Keynote Address: Inclusive Banking and Empowerment of Women in Rural Areas

This is the transcript of my keynote address at Cauvery College, Virajpet, Kodagu on 22nd January 2016. For those of you who think it is tl; dr in internet speak, here are the highlights:

  1. The World Economic Forum’s Global Gender Gap survey of 2015 finds that women are 10 years behind men in wage equality. It will take 118 years to close this gap.
  2. A nation’s GDP goes up when women are economically empowered: Examples, from individuals and organisations like Kudumbashree and Equitas.
  3. It is not enough to have policies and practices for financial empowerment; we need to create support ecosystems for sustained change. How about creating a national training programme for financial literacy for women entrepreneurs, regardless of social status?
  4. Most critical however, we must build self-belief and self-assurance in women, that equality is their right and not a privilege.


Good morning and thank you for inviting me to speak today. I have spent my career in the relatively new field of innovation. After 20 years, it culminated in a best selling award-winning book called orbit-shifting innovation. While most people encouraged me to ride that success, I quit my job without a safety net instead, to start my own firm Anarva, which means unlimited in Sanskrit. So I stand before you as a fledgling entrepreneur. My company works in the area of strategy and innovation where we create breakthrough ideas and opportunities for new futures, especially in uncertain times. 21st century solutions for 21st century problems. The topic today is very interesting and relevant- Inclusive banking and empowerment of women in rural India- apt for our times. And certainly something I’ve had some experience in, over the last year.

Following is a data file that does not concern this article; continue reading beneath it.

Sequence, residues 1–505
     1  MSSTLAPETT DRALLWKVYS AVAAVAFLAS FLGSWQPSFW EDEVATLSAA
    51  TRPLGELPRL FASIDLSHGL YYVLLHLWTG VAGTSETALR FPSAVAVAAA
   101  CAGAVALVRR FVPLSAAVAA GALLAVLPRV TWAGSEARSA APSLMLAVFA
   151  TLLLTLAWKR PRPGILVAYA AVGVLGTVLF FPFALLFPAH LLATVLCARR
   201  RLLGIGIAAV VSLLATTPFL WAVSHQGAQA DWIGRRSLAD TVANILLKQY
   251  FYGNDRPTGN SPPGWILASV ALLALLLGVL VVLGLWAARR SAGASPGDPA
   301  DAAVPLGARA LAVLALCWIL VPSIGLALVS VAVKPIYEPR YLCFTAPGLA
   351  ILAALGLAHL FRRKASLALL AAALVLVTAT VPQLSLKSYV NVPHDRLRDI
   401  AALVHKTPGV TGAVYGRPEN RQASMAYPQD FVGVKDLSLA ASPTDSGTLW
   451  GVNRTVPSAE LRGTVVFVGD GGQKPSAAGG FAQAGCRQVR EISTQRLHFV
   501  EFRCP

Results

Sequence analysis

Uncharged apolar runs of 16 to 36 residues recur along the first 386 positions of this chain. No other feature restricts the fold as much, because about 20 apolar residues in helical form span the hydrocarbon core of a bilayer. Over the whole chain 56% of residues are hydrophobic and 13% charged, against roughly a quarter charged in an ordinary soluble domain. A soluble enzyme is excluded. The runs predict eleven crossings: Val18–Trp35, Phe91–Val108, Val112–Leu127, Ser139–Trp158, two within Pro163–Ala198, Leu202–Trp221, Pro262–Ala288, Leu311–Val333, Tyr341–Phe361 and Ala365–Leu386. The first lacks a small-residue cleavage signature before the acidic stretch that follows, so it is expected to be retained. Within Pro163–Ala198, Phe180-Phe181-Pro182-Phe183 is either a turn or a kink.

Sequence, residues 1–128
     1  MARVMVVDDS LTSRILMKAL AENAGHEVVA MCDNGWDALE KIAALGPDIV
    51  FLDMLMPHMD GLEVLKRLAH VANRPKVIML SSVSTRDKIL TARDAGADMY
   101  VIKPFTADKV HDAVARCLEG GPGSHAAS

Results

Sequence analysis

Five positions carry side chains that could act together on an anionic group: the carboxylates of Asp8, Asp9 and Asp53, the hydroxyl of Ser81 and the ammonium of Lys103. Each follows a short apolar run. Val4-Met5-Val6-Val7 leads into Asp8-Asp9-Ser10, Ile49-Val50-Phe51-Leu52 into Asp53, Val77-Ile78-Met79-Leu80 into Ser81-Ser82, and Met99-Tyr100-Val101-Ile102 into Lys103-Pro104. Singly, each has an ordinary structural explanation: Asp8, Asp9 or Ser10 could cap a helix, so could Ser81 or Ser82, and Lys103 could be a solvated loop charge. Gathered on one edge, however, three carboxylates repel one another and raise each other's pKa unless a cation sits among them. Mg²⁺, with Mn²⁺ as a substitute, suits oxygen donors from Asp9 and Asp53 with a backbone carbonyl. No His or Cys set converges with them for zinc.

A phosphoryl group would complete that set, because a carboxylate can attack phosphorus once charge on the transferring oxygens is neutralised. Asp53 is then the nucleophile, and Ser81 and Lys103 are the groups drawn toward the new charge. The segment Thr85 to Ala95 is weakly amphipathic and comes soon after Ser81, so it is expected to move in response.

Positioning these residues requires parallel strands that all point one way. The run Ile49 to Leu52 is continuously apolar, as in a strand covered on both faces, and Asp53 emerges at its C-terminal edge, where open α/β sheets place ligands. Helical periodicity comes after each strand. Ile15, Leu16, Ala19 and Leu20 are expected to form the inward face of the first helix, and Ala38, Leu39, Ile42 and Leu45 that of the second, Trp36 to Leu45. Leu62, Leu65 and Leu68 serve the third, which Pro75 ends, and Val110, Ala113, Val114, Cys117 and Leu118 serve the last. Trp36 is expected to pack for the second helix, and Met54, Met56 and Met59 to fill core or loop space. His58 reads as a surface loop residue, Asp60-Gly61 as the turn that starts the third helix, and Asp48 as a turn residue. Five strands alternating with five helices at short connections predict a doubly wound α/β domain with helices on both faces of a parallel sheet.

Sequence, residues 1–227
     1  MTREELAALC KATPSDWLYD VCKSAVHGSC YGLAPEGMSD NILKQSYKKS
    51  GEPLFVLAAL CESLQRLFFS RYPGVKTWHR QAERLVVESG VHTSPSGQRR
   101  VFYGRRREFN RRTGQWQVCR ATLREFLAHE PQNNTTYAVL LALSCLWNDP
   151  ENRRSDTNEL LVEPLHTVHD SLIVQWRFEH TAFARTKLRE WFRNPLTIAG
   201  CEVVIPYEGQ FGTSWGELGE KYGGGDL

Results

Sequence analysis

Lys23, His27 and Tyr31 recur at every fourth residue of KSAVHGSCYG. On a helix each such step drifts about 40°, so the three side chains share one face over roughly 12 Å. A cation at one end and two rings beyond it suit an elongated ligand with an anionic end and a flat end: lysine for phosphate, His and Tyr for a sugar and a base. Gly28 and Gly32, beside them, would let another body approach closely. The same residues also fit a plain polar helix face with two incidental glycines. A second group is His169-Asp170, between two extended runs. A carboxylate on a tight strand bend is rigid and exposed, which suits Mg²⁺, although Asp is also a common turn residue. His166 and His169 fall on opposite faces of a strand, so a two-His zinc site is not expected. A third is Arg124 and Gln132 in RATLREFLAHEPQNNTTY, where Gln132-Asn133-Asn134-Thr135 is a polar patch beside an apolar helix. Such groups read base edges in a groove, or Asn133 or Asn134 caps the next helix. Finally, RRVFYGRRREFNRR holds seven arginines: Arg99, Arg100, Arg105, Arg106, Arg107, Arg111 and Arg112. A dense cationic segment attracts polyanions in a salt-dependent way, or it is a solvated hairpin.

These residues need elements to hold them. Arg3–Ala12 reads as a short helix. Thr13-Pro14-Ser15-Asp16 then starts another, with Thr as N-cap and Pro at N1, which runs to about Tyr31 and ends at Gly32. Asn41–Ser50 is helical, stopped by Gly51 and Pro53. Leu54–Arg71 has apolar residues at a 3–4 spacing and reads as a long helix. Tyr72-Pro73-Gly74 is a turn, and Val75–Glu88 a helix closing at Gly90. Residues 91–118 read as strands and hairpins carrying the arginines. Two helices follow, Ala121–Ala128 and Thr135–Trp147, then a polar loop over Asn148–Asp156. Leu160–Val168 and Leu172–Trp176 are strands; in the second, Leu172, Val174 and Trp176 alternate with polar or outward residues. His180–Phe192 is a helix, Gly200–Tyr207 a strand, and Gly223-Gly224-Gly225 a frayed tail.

118 years to attain equality: Not in your or my lifetime! 

The World Economic Forum released its annual gender gap survey last year, in November. “Despite an additional quarter of a billion women entering the global workforce since 2006, wage inequality persists, with women only now earning what men did a decade ago”. Which means while men are living in 2016, women some how have the capability of time travel and are living in wage conditions of 2006! Further, the WEF says, it will take 118 years to close this gap completely. Imagine this- how many of us, living in this time and age will even be able to see economic equality in our lifetimes? In the gender gap study of 145 nations, India remains extremely low at 108. Other BRIC countries such Brazil at 75, Russia at 85 and China at 91 are way above us.

We don’t necessarily need to refer to statistics to understand the reality of our situation. Just looking around and talking to women at work today, in all walks of life will paint the reality for us. How many working mothers finish their day jobs and then go on to become unpaid workers at home, like millions of at-home mothers, as well? Cooking and cleaning don’t happen on their own! I believe if we had some way to calculate the amount to be paid to mothers for the work they do at home, then the whole world would be bankrupt and only mothers would be rich. Which might not be a bad idea given the current state of the world.